“Coming back to Oxford, we were always, it seemed, greeted by the sound of bells: bells everywhere striking the hour or bells from some tower change-ringing, filling the air with a singing magic. We explored every cranny of this city of enchanting crannies and unexpected breathtaking views of towers and spires. We were conscious all the time of the strong intellectual life of a thousand years. Despite the modern laboratories, Oxford is still ‘breathing the last enchantments of the middle ages’: this wall was part of a great abbey; the Benedictines built the long, lovely buildings that are part of one college quad; the narrow passage where we bought tea things has been called Friars Entry for centuries; the Colleges bear names like Christ Church and Mary Magdalen and Corpus Christi; and the bells with their lovely clamor have rung through the centuries.”

Unlike trying to find someone from the tribe we lived among in Uganda (hasn’t happened, eight years and counting), it’s relatively easy to find friends who enjoyed a stint at Oxford. A friend here studied at Oxford a whole year, including the Michaelmas term when I was there, and he attended Mass at ancient churches while I vacillated lackadaisically between the union and the Oxford Oratory.  Pip’s godmother was an RA for a study abroad program there the summer before I arrived and lived near Black Friars, far from the “slightly dodgy” flat I’d call home, near Christchurch. I keep in touch to some degree with two of my three flatmates and another woman who studied in our program but lived in a different flat. My freshman college roommate studied two terms before me, and caught so much more: May Day, for instance. And so we reminisce, and I think for the umpteenth time of all the things I didn’t do, forgetting the things I did do: learn to enjoy Indian food, talk endlessly with my flatmates, take early morning walks just because, never ride a bus if I could help it.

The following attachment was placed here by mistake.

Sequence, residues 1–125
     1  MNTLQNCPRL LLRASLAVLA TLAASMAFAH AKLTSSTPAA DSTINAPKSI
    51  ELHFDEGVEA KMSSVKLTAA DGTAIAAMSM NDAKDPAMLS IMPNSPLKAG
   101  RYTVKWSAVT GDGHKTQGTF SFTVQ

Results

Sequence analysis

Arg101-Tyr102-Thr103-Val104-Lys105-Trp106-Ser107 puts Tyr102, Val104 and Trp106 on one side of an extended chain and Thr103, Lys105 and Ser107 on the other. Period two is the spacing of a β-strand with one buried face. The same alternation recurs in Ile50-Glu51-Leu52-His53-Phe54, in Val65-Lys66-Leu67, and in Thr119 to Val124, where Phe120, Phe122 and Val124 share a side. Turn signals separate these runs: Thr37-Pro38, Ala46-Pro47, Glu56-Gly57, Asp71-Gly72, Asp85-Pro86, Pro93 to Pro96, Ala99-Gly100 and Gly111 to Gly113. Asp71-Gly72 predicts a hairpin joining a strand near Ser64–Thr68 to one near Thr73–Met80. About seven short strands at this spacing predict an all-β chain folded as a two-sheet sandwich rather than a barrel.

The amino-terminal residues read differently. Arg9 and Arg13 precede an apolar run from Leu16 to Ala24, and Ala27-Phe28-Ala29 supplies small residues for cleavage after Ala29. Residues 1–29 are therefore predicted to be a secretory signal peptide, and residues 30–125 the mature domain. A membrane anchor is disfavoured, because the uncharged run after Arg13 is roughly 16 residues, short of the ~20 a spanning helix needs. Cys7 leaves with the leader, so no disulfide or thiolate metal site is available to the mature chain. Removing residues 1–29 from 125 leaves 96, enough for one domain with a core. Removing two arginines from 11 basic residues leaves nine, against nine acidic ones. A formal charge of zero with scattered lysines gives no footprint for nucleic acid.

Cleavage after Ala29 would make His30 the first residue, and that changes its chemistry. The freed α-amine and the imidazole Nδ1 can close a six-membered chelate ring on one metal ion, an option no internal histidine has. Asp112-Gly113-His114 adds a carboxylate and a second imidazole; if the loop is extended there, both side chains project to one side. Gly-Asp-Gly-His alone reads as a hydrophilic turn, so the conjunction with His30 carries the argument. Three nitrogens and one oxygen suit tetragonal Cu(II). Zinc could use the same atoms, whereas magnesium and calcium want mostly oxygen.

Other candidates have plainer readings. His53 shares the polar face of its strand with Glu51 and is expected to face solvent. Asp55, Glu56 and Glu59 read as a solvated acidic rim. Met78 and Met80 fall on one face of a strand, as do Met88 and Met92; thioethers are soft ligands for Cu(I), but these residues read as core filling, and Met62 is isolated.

Sometimes I regret that I only studied one term, instead of staying a full year, but I would have had to delay our wedding, which seemed like craziness after dating since 17, and I still stand, reluctantly, by that decision. What’s more, I was comforted by Vanuaken’s reflection, after spending three whole years in Oxford, that:

“[T]here we did feel that despite all that became part of us — bells and spires, C. S. Lewis and a host of friends, the face of the Warden of All Souls and the River Cherwell on a sunny day — there was something more, something still deeper, that we hadn’t time enough – world and time enough — to reach. We didn’t at all feel that we were unable to reach it, only that there wasn’t time enough.”

SV argues that this is evidence that we are out of place in time, made for eternity. Our longing that we continue to be surrounded by such beauty is natural, or rather supernatural: we are meant to be surrounded by the beauty of God, forever.

What’s more, Oxford isn’t a forever place for most of the students passing through, even if they’re lucky enough to take a degree there. It’s part of the wild, wandering freedom of college, if you’re fortunate and get to do things right, without the obligations of a family or earning an income as you go along (noble as those things are, of course). Vanauken notes,

“In a way all of us at Oxford knew, knew as an undercurrent in our minds, that it wouldn’t last for ever. Lew and Mary Ann expressed it one night by saying: ‘This, you know, is a time of taking in — taking in friendship, conversation, gaiety, wisdom, knowledge, beauty, holiness — and later, well, there’ll be a time of giving out.”

Though we might be wistful for that time of taking in as we find ourselves deep into an era of giving out, it’s a lovely thing to have the memories.

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“All this grey magic of Oxford”

 

A Mother’s Rule of Life

I’ve asked it before: How do you decide what of all possible things to go deep in, when, as a stay-at-home mother, you’re a jack of all trades?

It would help to have a job description. As it is, I almost always have the nagging conviction I should be doing something other than whatever I’m doing at that moment. Last winter I read the Rule of St. Benedict and this winter I fell in love with the cloistered world of In this House of Brede — its quiet peace, and sense of purpose, and hard work, and order.